Finalists for the National Book Award in poetry


‘Incarnadine” by Mary Szybist. (Graywolf )
November 19, 2013

Black Aperture (Louisiana State Univ. Press, 64 pp.; paperback, $17.95), by Matt Rasmussen, is the biggest surprise among the poetry finalists for this year’s National Book Award, which will be announced Wednesday in New York. His stellar debut is inventive and courageous, a stark exploration of the giant hole — and dark opening — created by his brother’s suicide. Rasmussen conveys this duality through recurring images — a field, leaves, hands and birds — and multiple versions of events that help the speaker address this tragedy. Rasmussen’s chiseled language haunts and delights, as when he describes his father: “his face carved / from pale wood. / You can imagine / the tools used to shape / his expression. Except his eyes. / Those are unfashioned. / They say what / his wooden mouth can’t.” Grief, like the writing, becomes more direct as the book progresses. The third section opens with the speaker recording over his brother’s voice on the answering machine. Other erasures will never be complete because the loss follows everywhere. Yet in “O Cremulator,” the perspective becomes broader and more accepting: “At every moment / we are broken in half / and then half again, and then / one shadow melts into another, / one ashtray spills into the next. / We burn early into the morning.”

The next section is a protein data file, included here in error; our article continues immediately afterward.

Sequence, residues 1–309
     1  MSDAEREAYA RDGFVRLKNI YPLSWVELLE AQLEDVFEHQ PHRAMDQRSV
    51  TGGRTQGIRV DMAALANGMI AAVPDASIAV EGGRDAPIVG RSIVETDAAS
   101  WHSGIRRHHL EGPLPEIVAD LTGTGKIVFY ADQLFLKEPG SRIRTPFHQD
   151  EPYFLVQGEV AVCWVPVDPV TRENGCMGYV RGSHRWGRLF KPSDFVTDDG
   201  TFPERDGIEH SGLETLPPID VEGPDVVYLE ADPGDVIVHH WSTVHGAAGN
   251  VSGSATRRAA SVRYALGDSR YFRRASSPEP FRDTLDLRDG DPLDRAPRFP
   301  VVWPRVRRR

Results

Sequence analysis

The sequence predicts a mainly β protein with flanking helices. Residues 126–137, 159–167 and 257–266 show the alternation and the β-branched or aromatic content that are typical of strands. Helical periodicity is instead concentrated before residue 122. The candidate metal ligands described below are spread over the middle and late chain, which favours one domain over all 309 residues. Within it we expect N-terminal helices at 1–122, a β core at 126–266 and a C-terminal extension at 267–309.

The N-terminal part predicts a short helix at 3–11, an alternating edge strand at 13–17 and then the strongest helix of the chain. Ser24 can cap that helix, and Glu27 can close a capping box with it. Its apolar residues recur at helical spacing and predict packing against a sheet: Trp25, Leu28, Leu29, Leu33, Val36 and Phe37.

Mary Szybist’s Incarnadine (Graywolf, 70 pp.; paperback, $15) is the long-awaited follow-up to her outstanding first book. This gorgeous collection is shaped by the biblical story of the Annunciation, when the angel Gabriel announced to the Virgin Mary that she had been chosen to bear the Savior. That intersection of human and divine colors every page, beginning with several unusual views of the Annunciation and renderings of both the iconic Mary and a modern one. Szybist often shifts through different kinds of faith, as in her opening poem: “The Puritans thought that we are granted the ability to love / only through miracle, / but the troubadours knew how to burn themselves through, / how to make themselves shrines to their own longing. / The spectacular was never behind them.” In a similar way, Szybist burns throughout these pages, whether she writes about a butterfly, a donkey sanctuary or a young captain during World War II. When Szybist sees angels, they are everywhere — in alchemy, barrenness and earthquakes. A spirit descends or lingers in several poems, though the spirits are not always good. In one of the saddest poems, “So-and-So Descending From the Bridge,” Szybist grieves over a woman who threw both of her children off a bridge into the water below — “So-called / crazy little mother who does not jump.”